Lynn Hatter

Lynn Hatter is a  Florida A&M University graduate with a bachelor’s degree in journalism. Lynn has served as reporter/producer for WFSU since 2007 with education and health care issues as her key coverage areas.  She is an award-winning member of the Capital Press Corps and has participated in the NPR Kaiser Health News Reporting Partnership and NPR Education Initiative.  When she’s not working, Lynn spends her time watching sci-fi and action movies, writing her own books, going on long walks through the woods, traveling and exploring antique stores. Follow Lynn Hatter on Twitter: @HatterLynn.

Phone: (850) 487-3086

Some 34,000 Leon County Students headed back to school Monday and with a new school year comes changes, mostly related to school safety.

The Leon County Classroom Teachers Association is backing three people for school board races including two newcombers.

Two candidates are teaming up to unseat the longest-serving members of the Leon County School Board.  In a joint campaign ad, candidates Marcus Nicolas and Darryl Jones say not all students are getting an equal education.

For the first time in Florida A&M University’s 130-year history, a woman will help lead it’s storied marching band. 

Lively Technical Center is out with a new program to bridge the skills gap in the local construction industry. It follows a recent Florida Chamber of Commerce survey showing employers continue to worry about not funding enough skilled workers.

Once upon a time, the Red Wolf roamed the south and eastern United States, from Texas to Pennsylvania. Today, there are fewer than 40 wolves left in the wild. The species is what’s called “functionally extinct”— with most of the remaining 200 or so wolves in captivity. The Trump administration is proposing changes to the Endangered Species Act that conservationists worry, could end what little protection the Red Wolf has left.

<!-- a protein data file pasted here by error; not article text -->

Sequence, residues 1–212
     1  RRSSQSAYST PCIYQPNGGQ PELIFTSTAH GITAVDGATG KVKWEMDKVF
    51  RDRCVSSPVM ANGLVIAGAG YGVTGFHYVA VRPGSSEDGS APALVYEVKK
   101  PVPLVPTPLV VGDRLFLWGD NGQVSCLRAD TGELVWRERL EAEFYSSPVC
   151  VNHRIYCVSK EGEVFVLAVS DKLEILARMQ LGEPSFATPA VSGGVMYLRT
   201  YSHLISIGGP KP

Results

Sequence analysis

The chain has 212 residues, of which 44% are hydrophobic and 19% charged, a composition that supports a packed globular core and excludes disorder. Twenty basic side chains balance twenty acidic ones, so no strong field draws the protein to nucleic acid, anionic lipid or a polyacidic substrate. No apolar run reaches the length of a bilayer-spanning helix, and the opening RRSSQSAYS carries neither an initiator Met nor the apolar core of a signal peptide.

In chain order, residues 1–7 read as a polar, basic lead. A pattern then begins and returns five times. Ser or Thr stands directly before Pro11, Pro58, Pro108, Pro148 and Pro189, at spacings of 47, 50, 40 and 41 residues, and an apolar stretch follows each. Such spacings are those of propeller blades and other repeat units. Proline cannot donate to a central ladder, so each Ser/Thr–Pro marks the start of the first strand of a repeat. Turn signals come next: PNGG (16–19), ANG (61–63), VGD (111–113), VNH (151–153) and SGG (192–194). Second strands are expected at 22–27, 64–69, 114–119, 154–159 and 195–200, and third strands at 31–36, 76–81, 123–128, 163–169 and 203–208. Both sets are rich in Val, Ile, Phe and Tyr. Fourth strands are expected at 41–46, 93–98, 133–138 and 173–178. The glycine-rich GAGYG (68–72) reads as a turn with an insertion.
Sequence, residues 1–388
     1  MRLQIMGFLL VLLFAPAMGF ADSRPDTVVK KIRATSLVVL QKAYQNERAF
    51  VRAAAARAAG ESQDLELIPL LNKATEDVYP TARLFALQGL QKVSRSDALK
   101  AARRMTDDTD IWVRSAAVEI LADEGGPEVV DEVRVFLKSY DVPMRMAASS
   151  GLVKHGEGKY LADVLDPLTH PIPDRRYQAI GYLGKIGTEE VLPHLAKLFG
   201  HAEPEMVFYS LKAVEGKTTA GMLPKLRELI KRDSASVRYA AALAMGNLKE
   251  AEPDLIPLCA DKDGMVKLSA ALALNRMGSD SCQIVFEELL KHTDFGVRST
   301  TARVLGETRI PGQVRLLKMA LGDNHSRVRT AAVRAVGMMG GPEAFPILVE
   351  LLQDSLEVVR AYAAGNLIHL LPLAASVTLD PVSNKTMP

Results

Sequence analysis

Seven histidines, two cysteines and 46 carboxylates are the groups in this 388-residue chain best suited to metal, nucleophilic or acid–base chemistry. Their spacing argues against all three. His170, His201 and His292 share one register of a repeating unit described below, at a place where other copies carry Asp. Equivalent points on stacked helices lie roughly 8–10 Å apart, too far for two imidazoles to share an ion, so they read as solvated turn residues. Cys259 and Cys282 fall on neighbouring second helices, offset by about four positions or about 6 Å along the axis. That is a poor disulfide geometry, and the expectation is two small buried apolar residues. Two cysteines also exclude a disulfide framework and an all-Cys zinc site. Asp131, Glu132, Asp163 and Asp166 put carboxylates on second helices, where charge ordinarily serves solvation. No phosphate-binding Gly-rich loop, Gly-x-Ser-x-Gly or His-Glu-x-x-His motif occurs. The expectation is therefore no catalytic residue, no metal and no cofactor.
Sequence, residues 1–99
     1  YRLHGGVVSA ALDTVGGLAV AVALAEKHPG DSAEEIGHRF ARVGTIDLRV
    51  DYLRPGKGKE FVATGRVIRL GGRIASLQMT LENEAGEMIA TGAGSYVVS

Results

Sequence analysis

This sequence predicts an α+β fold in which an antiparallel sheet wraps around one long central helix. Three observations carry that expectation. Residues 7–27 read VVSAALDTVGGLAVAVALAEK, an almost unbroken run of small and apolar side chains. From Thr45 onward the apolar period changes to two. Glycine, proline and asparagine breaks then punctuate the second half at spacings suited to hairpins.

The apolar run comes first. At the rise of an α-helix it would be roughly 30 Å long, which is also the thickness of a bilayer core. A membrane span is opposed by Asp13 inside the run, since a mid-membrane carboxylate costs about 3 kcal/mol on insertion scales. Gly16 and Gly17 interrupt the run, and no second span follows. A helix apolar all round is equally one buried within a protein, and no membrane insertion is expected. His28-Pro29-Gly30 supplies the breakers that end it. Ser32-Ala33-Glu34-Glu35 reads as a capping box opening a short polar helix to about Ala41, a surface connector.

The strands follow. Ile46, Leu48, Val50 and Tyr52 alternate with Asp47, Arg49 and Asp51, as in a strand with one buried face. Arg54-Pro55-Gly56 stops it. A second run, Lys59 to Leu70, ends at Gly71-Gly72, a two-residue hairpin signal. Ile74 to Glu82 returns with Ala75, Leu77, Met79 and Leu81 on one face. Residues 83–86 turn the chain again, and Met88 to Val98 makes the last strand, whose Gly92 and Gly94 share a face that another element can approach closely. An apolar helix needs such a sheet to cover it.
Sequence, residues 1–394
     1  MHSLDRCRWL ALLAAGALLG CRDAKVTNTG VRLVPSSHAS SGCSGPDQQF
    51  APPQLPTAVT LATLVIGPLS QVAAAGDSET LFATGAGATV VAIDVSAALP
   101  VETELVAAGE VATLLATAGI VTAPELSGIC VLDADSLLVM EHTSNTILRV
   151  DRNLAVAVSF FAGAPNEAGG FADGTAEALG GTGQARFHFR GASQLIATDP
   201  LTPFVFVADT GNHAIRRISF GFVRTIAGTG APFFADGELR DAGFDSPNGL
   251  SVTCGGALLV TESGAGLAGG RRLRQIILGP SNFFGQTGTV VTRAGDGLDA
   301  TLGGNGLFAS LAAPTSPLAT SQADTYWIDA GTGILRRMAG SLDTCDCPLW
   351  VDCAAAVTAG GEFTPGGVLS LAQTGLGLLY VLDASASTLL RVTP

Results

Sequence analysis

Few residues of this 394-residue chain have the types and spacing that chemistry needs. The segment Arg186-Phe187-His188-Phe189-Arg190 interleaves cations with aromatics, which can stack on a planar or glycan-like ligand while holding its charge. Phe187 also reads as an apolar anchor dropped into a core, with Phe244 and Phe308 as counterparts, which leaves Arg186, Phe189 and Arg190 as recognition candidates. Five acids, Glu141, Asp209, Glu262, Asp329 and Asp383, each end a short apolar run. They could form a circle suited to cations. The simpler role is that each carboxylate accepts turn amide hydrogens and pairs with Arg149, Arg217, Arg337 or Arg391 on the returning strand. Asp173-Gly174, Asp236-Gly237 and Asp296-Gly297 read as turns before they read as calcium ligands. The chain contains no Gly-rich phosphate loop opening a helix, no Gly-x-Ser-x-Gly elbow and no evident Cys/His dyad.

The Leon County School District is grappling with how to address relationships between employees. The recent administrative changes at Gilchrist Elementary school coupled with the removal of its principal has brought the issue to light. 

The Leon County School District has named new principals for Gilchrist Elementary and Deerlake Middle Schools. 

Leon High School is under investigation into whether it violated the state’s mandatory sexual assault reporting laws. 

Florida lawmakers continue to be frustrated with the state Department of Health over its slow implementation of medical marijuana rules. 

The concerns of teachers are shaping Leon County’s School Board District Five race. At issue is how much control education have over what they teach. The debate comes at a time when public schools are facing greater competition.

The League of Women Voters of Florida is suing to block a constitutional amendment that could pave the way for more charter schools. The League says the ballot summary-which voters see on the actual ballot—is different from the language in the amendment, and is vague and misleading.

Attorney Ron Meyer is representing the League in the lawsuit. He’s also representing the state teachers union in a case against a Florida that targets the Florida Education Association. Lynn Hatter spoke with Meyer about both lawsuits, starting with the case against Amendment Eight. It’s comprised of three proposals—term limits for local school board members, and mandatory civics education. But it’s the language regarding school district oversight of public schools, that’s triggered the suit.

The League of Women Voters of Florida wants a constitutional amendment it says is misleading removed from the November ballot. The target is Amendment Eight which critics say could lead to the creation of more charter schools.

The League’s Attorney Rom Meyer says the ballot summary of Amendment Eight is vague and doesn’t tell voters the main purpose of the proposal.

Growth, development and infrastructure are rising to the top of the priority list for the candidates who want to represent the Northwest corridor of Leon County. The County's Third District is up for grabs this year. 

Florida’s statewide teacher’s union is once again suing the legislature—this time over a new law that could directly impact its membership. It’s the latest in a line of lawsuits filed over the state’s education policies.

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